The day soon arrived, when our class made it’s way to St. Michael’s. As I viewed the building from the parking lot it provided a feeling of strength and faith as the rough stones stretched up high. But as the Passionist priest who guided us described the manner in which they had lost the property, as a young Catholic I was saddened. Our entrance into the building made the emotion deeper as it was obvious that newcomers had made many changes. The beautiful, saintly statues that fill up a Catholic Church were missing, the size of the church was being decreased, the dome was covered. The chapel and other rooms that made up the magnificent structure seemed cold and dark. I gazed at the ceilings or at the floors and saw destroyed wood and peeling paint. I wondered how it would look if things were different and the Passionist Fathers continue to use the area for their formation and service of Christians. I knew it would be quite different.

When we walked across the street to where the archives were located, we were confronted with a beautiful, clean and modern building. I glanced over at the church with its missing statues and cross. I felt the loss the Passionists must have experienced as well as the local community. The difference of religion that had undergone was evident.

Reflection 2

Our visit to Saint Michael’s Church was most astonishing. To my surprise, the interior of the church was very beautiful. The stained glass windows reflected the sun in a beautiful and colorful way. The sculptures inside the church were designed with much effort and care. I was unaware that the church went below ground level. While walking throughout the church, I had a feeling of loneliness and a feeling that something was missing. This feeling probably comes from the fact that this church no longer is dedicated to the Catholic community.

Reflection 3

Based on my visit to St.Michael’s, there were two main reactions I had. These two reactions, however, are based on one factor, that the church faced over the many years: change. They are a feeling of being eclectic and a feeling of loss.

Because this church has so much history with diocesan Catholics and the Passionists, coupled with the highly diverse culture of Union City, this church has acted as a representation of that diversity. Now that the Presbyterian Koreans have taken over the Church, that culture and representation of faith can only add to the Church’s character and eclectic nature. The church itself shows this eclectic sense. We see the history of European architecture in the church itself, the stained glass windows of the basement dedicated to the active parishoners of the mid 1900s, and even now, the cultural significance of the Koreans. It is a huge symbol of inter-cultural activity and integration.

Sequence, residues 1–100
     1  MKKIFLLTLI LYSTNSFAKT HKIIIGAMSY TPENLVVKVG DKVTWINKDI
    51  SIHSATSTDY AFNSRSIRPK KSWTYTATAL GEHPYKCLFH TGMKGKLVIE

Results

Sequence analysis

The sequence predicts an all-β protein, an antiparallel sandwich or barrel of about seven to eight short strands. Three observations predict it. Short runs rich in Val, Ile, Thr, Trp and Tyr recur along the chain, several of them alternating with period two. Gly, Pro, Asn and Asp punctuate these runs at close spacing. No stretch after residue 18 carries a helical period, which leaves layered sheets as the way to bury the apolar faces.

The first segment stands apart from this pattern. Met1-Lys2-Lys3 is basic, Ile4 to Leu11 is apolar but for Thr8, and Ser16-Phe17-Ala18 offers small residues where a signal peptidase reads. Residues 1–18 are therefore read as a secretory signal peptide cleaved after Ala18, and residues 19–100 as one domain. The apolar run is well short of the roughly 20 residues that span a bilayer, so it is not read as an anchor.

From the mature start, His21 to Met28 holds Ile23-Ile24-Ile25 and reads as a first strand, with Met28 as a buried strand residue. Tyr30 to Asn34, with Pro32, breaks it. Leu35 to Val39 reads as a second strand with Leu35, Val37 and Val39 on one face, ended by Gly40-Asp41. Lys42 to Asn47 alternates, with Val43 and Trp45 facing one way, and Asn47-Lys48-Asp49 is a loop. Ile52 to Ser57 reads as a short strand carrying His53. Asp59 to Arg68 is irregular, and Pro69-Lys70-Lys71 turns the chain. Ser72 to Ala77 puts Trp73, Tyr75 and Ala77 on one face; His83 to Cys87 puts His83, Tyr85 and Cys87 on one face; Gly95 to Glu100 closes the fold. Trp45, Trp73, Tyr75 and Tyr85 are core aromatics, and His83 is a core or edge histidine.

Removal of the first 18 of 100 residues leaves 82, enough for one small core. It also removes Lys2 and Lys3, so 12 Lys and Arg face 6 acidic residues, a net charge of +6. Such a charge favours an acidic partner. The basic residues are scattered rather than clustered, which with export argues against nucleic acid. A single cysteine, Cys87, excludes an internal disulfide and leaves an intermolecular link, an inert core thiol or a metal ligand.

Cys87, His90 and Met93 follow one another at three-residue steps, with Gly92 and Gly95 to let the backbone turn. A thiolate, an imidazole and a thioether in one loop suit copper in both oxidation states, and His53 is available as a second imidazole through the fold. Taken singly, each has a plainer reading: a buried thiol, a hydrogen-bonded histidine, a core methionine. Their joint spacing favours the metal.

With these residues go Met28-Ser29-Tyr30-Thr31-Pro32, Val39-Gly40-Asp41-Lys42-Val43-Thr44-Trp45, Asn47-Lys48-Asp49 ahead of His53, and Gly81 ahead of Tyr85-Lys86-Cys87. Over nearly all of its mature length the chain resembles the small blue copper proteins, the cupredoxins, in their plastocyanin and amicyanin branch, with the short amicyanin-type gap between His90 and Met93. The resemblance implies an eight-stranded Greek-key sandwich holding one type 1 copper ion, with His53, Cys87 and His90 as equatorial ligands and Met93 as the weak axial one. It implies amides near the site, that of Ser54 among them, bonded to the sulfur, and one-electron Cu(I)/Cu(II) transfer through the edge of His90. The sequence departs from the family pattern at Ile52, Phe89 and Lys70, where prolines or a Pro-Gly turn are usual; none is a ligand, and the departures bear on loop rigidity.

On the other hand, I was shocked to see the physical state of the church. It was difficult to appreciate the church in its entirety when many parts are sealed, i.e., parts of the nave, altar, and dome. The church should look like a cross (a human being). We were told that it was expensive to keep everything going smoothly in the church so I suppose that is why some parts are no longer in use, but it is a great misfortune and hindering feeling that this beautiful church had to be cut off.

Reflection 4

It was such a pleasure to be able to tour St. Michael’s Monastery last week. The literature you had given pertaining to the history of the parish was very interesting and extremely helpful. I can see how difficult it was to maintain such a parish when there were little priests and not enough funding. Losing something that shapes the community itself is often hard to accept. Unfortunately, these issues dominate the church even today. As a Catholic, I feel I have a connection to what embodies my parish. History is so important to the vitality of the parish community. St. Michael’s did indeed serve its purpose and was an exemplified disciple for all of those that called it “home.” I have a deep pride and admiration for St. Michael’s and will pray for a possible re-birth. Thank you again for such a lovely tour.

Reflection 5

The visit to St. Michael’s monastery was very interesting. I especially liked that they have preserved the historical features of the church. Furthermore, I liked the fact that the church continues to offer services for the community. For example, it has catechism for children and has a hall downstairs for social events.

Moreover, I find it amazing that St. Michael’s has survived two major fires. The architecture of the church remains beautiful. Finally, I enjoyed the tour of the church given by Rev. Rob Carbonneau so much. I would recommend it to anyone who is interested in seeing the church and eager to know a little history.

Fr. Rob Carbonneau, C.P.
Historian and Director of The Passionist Historical Archives.
November 19, 2001
Please contact me at [email protected] if you have any comments.

Copyright Passionist Historical Archives 2001. All rights reserved. Permission of Archives needed for publication.